If there’s no place like home, then the new Life Science Center comes pretty close.
At least that’s the idea that officials with the new building kept getting across during a tour Wednesday of the center. The center is intended to bring several research disciplines under one roof to encourage collaboration in a comfortable environment.
The $60 million, 124,000-square foot building will provide a centralized, flexible space that will allow teams to work together as they research the genetic relationships between humans, animals, plants and organisms to improve food, health and the environment.
After two and a half years of planning and development, contractors have only four more weeks of construction and inspection left to complete at the state-of-the-art center.
About 20 MU faculty members and their teams of five to 15 technicians, undergraduate researchers and post-doctoral students will move into the center at the end of July.
Michael Roberts, director of the Life Sciences Center, expects to hire about 20 additional faculty members outside of the University of Missouri system. Roberts said he hopes the current faculty and new hires will “interact and collaborate” to “expand on new ideas that could enhance research and results.”
The center, at Rollins Road and College Avenue on the MU campus, includes 50 research laboratories, five teaching and computing rooms and a 250-seat auditorium.
Mike Chippendale, senior associate director, said seminars and discussion groups will occur in the center’s common areas. There will be space outside of laboratories and a cafe and reading room for small group interaction.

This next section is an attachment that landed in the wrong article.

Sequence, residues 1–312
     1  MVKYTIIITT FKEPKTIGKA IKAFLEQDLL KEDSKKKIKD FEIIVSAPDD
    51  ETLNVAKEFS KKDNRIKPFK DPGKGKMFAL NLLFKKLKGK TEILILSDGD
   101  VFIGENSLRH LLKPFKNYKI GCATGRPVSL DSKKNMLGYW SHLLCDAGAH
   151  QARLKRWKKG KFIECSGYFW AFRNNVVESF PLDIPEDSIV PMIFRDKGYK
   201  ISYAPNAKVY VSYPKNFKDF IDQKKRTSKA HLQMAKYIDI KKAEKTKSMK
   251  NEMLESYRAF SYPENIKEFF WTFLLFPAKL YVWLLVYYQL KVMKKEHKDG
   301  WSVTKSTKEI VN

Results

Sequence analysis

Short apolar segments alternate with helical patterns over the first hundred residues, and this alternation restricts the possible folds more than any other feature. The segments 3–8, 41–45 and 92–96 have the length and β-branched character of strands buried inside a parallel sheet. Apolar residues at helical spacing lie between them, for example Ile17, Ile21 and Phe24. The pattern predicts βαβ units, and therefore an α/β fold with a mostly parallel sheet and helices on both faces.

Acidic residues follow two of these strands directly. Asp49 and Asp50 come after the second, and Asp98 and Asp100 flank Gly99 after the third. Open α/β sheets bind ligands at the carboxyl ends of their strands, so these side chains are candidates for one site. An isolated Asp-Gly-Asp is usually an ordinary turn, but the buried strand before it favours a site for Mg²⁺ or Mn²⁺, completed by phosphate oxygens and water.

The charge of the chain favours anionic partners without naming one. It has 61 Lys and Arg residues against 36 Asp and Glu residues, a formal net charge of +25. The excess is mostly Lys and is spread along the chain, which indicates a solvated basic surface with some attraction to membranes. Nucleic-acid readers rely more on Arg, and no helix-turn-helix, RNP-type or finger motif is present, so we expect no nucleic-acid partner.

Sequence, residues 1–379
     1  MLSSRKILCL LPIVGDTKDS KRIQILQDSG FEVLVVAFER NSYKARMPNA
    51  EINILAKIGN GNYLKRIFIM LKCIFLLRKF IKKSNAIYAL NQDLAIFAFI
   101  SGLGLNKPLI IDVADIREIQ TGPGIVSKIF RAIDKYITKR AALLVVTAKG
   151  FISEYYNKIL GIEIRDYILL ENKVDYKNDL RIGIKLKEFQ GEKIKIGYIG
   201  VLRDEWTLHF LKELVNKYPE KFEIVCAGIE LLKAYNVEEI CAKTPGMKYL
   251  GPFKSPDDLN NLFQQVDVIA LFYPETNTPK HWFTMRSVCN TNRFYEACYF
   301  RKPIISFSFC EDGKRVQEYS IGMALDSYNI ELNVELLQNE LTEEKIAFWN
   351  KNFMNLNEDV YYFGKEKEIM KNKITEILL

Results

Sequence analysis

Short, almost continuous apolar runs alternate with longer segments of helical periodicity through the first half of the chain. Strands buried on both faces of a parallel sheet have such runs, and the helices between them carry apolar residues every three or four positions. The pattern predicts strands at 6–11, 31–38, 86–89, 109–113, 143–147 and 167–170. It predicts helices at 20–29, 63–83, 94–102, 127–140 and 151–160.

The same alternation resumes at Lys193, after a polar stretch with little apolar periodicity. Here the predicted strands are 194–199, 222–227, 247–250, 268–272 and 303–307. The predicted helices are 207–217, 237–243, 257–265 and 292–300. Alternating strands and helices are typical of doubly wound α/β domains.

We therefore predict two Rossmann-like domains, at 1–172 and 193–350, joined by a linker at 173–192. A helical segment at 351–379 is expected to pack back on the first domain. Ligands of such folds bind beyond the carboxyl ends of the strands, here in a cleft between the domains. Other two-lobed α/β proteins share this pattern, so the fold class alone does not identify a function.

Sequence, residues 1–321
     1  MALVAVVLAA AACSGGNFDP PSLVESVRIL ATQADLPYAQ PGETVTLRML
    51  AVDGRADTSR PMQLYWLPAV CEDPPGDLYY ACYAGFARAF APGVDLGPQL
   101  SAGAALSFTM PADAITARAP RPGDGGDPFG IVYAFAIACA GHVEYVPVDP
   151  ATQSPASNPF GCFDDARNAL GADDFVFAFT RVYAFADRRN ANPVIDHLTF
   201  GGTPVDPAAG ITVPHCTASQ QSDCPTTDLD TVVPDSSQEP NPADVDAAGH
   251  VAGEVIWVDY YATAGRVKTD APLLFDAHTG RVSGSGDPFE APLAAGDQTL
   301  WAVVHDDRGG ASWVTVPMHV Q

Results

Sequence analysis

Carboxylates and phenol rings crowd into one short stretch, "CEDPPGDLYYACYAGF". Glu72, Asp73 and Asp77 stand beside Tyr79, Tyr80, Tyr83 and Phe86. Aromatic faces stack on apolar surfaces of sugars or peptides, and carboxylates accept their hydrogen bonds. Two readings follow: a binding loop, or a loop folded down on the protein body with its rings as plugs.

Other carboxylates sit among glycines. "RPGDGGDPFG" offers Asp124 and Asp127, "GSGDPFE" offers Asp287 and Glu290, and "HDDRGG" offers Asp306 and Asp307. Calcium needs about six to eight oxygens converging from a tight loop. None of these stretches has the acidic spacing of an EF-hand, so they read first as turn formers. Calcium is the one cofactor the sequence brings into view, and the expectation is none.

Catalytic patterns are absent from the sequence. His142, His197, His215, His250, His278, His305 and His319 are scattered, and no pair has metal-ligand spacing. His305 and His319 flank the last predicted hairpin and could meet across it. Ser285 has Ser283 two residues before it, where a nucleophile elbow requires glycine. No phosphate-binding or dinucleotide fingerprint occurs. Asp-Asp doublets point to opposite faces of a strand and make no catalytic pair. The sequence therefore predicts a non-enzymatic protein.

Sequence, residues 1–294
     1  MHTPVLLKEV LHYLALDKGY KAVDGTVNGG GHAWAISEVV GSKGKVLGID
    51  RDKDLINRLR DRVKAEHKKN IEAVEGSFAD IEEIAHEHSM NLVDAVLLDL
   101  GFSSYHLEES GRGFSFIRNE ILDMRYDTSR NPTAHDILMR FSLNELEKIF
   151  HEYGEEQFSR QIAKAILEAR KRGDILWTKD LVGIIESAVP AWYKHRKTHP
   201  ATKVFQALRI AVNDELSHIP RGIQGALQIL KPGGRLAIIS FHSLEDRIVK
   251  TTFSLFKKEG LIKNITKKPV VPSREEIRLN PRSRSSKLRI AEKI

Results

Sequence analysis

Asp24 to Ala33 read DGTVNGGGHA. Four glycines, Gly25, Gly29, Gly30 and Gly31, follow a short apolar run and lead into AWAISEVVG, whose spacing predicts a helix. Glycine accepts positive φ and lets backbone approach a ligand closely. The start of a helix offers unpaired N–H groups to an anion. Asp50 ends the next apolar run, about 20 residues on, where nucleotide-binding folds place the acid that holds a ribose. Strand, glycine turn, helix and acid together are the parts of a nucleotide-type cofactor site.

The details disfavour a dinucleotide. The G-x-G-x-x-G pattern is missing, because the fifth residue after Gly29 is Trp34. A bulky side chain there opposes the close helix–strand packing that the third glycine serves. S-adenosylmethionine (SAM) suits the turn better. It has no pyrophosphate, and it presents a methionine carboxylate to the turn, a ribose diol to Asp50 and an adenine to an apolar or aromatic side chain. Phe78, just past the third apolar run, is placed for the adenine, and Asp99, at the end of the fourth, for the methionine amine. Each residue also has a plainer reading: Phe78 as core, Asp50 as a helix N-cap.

“The building is designed to encourage cooperation between departments,” said Roberts. “Researchers will work collectively to make the center a hub for life sciences information in the UM system and nationwide.”
Meredith Hay, associate director of the center, said researchers will be attracted to the center because it is a unique building that contains top-of-the-line equipment and houses scientific departments related to plant, animal and human research.
“The synergy will attract the world’s best scientists — this will become a world class institution,” said Hay. “Without question, it has the potential to be one of the nation’s top life sciences research facilities.”
Kareema Smith, an undergraduate studying biology, traveled from the Virgin Islands to participate in an internship that has given her a preview of what researchers will be doing this fall. She assists Elizabeth Rogers, who works for the Life Sciences and Nutritional Sciences departments, with her research on iron levels in plants.
Smith said the research could help people with iron deficiencies such as anemia. By studying how much iron a plant takes out of the soil and how the iron is distributed to various plant tissues, researchers might be able to modify the iron levels in plants to make it easier for humans to intake iron.
“I’ve been exposed to a lot of resources and opportunities at the Life Sciences Center,” said Smith. “This is a really great environment to learn in because everyone works collaboratively. It helps broaden my knowledge and enhance my research.”
Rogers says the research progresses a lot faster as teams network and learn from each other. She is unsure if she will have an office in the center in the fall but said she looks forward to interacting with the other teams.
“It’s a gorgeous building, and it’s really a lot of fun working in it,” Rogers said.
Roberts is in the process of deciding which MU faculty will have offices in the building.